A playground as far as the eye can see (and more)
Ubisoft's open-world driving game is almost upon us, as it releases on December 2. I've been playing the final open beta, which allowed the team at Ubisoft to stress-test their servers and ensure the game is ready to launch. With the entire US map open to explore during this time, there was plenty to see that's gotten me excited for the final version.
I was playing on Xbox One and the following screens are taken from that version of the beta. Please bear in mind that the beta version of the game is not necessarily representative of the version we'll be playing when it's out. But anyway - let me show you what I got up to and explain the subtleties of the experience so far...
Crashing into other cars is fun
This isn't a terribly graceful thing to do, but colliding with another road user creates a pleasantly Burnout-esque flurry of sparks and crumpled bodywork. It isn't a OTT as Criterion's racing series, but the impact does feel a little more weighty than the likes of Need For Speed: Most Wanted.
Despite the pyrotechnics, the collision system is relatively forgiving, allowing you to brush past trees in densely-wooded areas without coming to a standstill every few feet. A lot of scenery is destructible, too. Which brings me to my next point...
"Let's waste time / chasing cows"
That's how the song goes, right? By the Snow Petrols? Well, whatever. On my first foray out of the starting area, I happened across a herd of cattle outside of their enclosure and causing a traffic hazard. I soon fixed that by driving my car through the fence (which falls apart with lovely physics) and then attempted to herd them back in using my car as a sheepdog. So effectively a cow-car.
It didn't work. I may then have tried running them over (odd thing for a vegetarian to do), but either it's got Crazy Taxi-style invincible pedestrians, or I'm rubbish at running over any 5ft-tall animals with a whole herd to aim at.
You can just drive... and drive
With the whole of the abridged United States of America to race around, there's no immediate need to get on with the story, at least after the first few essential missions. Setting the waypoint marker for somewhere way across the map lets you experience a proper road trip, reminiscent of old Need For Speed games.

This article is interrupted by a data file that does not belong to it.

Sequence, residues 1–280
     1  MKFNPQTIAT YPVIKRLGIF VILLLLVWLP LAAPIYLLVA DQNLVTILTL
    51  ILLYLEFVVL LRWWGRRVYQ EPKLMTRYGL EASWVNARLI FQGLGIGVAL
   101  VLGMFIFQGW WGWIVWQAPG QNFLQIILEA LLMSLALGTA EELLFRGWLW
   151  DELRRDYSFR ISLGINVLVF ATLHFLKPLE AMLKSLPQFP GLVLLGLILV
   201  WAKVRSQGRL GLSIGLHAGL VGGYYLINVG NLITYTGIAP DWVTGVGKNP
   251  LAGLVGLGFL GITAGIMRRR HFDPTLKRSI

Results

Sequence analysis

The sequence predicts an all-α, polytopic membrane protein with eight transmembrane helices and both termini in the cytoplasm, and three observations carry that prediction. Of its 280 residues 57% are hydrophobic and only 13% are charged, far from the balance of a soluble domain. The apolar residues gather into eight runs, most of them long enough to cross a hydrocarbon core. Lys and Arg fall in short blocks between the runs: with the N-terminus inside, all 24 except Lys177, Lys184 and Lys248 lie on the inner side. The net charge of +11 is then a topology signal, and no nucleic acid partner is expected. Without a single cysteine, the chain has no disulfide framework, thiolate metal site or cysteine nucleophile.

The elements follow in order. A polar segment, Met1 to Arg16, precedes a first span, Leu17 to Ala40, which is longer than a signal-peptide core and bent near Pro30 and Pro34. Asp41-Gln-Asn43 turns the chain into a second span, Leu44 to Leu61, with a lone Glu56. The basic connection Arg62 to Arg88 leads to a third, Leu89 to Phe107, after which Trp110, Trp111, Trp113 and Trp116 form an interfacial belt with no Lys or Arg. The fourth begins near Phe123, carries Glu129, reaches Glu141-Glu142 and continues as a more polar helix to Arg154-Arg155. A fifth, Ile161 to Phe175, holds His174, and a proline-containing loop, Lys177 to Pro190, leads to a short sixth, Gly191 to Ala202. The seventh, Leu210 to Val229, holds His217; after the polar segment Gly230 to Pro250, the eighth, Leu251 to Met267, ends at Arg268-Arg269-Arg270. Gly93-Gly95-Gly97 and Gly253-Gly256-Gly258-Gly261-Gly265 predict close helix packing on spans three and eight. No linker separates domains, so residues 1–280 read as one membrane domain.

It's a really enjoyable experience, too. The car handling has been tweaked since the days of the first beta and is now solid, controllable and with a decent sense of inertia. Couple that with the in-car radio playing some suitable driving music and you've got yourself a great journey, even if you haven't decided on any particular destination. That's deep, man. It's like Test Drive Unlimited 2, only good.
Using nitrous to catch target vehicles is fun
I am initially confused as the control layout is a little unusual - most driving games use B for the handbrake, but in this beta, B is 'reset vehicle' and X is handbrake. It doesn't matter too much, especially as button A is where the fun's at, allowing you to trigger a nitrous boost.
That's the only way you're going to take down a target vehicle in one of the pursuit missions, at least if you're playing solo. In a multiplayer event, replaying a previously-completed mission, I was able to come in from the side on this banked curve and smash the target into next week. Woot!
Think I stumbled into a Kriss Kross video
There are challenges liberally scattered around the game world, some of which trigger as soon as you drive through them. One such example is a jump challenge that asks you to hit a designated ramp and fly as far as you can. Which is what I'm doing in the screenshot up there. Yes, it was at night.
If you fail, or even just fail to nail the gold, you can hit restart, although the car is rarely the speed you were doing when you first passed it, meaning you'll need to go around for a better run-up. Better to just do it right first time.
The car upgrade system is extensive
You get your choice of four different cars at the start of the game, but you can pretty much immediately tailor them to your taste. I went for GamesRadar+ Orange, of course, although like any right-minded person, I do hope that there's pearlescent paint in there later on.
I like the ultra-simple upgrade system, which allows you to install parts quickly and easily just by pressing A after completing an on-road event (like that jump ramp). I must admit, I didn't notice any of the changes affecting the handling immediately after equipping them, but I'm sure the cumulative effect is worth it. And when I came to the story mission with the drag race that's clearly intended to make sure you're leveling up your car properly, I won on my first attempt - cleverly by holding the 'go' button. So I must have been doing something right.
And the racing is a lot of fun
I don't want to sound over-excited, but this dirt race brought Dirt 2 to my mind. The detailed in-car view, the close racing with sliding, jumping cars vying for position... it's a lot of fun. With a mix of AI cars and real humans making up the field, there's always someone to race, even if your crew itself isn't full up. Incidentally, the option to quick-invite local players outside your crew when you start an event works really well. People seem to want to get involved - let's hope that trend continues!
In fact, even when you're out in front (which I usually was, of course), you still get a little Gamertag displayed on your screen with a distance read-out, telling you how far behind you the opposition is. As you can see, Aaron Uncensored there must've taken an early spill...
What did you get up to with your crew?
I was mightily impressed with the core driving experience of The Crew's final open beta. Did you try it out too? Let us know what you thought of it in the comments!